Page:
To develop neurotoxicity prevention strategies, the effects of metals (for example manganese) on organisms exposed to extremely low frequency magnetic fields should be examined. Therefore, rats were divided into 8 groups (n=5 per group) and received different amounts of manganese every second day for 45 days: 1.) no manganese, 2.) 3.75 mg manganese per kg body weight, 3.) 15 mg manganese per kg body weight and 4.) 60 mg manganese per kg body weight. The rats were exposed or unexposed.
Exposure duration: 4 hours per day on 5 days/week during 45 days
|Exposure duration||4 hours per day on 5 days/week during 45 days|
|Chamber||rats were housed individually in stainless steel methacrylate cages|
|Setup||magnetic field was generated by two pairs of Helmholtz coils (70 cm in diameter) in a Faraday cage (130 x 65 x 80 cm); magnet was constructed by winding 125 turns of insulated soft copper wire with a diameter of 1.5 mm; coils were vertically placed facing one another; distance between coils: 47 cm|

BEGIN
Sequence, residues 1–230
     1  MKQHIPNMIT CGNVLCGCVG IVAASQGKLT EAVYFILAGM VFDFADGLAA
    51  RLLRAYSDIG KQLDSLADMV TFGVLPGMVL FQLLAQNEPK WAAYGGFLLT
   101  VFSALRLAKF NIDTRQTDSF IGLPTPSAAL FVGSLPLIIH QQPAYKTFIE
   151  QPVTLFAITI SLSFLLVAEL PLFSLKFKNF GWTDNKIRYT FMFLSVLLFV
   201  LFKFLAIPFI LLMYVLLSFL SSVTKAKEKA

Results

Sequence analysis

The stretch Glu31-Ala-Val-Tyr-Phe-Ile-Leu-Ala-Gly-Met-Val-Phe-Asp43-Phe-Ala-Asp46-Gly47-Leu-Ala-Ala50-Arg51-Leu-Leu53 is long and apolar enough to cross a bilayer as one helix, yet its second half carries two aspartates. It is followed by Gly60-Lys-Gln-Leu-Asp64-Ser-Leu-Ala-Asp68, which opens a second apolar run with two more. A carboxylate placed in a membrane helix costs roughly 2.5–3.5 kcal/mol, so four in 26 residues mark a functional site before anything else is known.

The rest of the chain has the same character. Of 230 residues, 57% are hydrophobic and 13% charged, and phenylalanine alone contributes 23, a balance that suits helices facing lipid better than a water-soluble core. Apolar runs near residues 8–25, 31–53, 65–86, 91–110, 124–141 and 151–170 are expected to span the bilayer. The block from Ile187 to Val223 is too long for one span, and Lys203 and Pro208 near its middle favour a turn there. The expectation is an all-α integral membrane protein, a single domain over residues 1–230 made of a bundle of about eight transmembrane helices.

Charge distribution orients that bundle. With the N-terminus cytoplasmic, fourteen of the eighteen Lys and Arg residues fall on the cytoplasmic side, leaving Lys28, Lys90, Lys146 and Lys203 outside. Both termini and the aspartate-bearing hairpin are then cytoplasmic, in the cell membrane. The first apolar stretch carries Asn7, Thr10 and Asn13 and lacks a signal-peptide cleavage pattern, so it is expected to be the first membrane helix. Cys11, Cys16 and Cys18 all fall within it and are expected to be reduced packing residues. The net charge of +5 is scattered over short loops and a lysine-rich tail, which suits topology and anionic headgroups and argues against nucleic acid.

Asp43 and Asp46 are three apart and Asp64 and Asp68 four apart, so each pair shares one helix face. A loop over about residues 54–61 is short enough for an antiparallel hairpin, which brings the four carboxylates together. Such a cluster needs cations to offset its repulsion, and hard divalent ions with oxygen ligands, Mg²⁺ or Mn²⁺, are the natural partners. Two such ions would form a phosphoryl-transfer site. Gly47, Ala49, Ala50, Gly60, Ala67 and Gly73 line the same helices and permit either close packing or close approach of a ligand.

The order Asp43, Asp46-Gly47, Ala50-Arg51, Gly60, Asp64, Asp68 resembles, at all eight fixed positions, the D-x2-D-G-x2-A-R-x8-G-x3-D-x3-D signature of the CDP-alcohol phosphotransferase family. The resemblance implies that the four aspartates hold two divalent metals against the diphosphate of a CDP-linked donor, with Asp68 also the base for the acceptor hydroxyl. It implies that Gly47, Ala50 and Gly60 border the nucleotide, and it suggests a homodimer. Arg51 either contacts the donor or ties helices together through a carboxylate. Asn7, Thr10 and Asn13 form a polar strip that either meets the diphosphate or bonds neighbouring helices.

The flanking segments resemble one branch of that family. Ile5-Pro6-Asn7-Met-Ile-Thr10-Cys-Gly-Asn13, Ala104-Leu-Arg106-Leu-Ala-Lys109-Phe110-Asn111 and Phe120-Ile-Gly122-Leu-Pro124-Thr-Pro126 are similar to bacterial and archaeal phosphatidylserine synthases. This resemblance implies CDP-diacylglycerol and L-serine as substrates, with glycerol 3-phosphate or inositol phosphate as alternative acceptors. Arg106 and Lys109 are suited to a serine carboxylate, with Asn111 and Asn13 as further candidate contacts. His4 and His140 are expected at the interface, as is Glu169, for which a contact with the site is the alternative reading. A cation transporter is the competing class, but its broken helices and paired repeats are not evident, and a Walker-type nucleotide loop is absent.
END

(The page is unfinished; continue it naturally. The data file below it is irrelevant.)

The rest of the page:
|magnetic flux density||1.5 mT||-||measured||-||-|
In exposed groups, the amount of manganese was significantly higher than in the unexposed groups. Only in the kidney, no significant differences were found between the exposed and the not exposed group which received no manganese.
The data indicate that exposure to an extremely low frequency magnetic field could lead to an accumulation of manganese in the kidney, liver and brain of rats.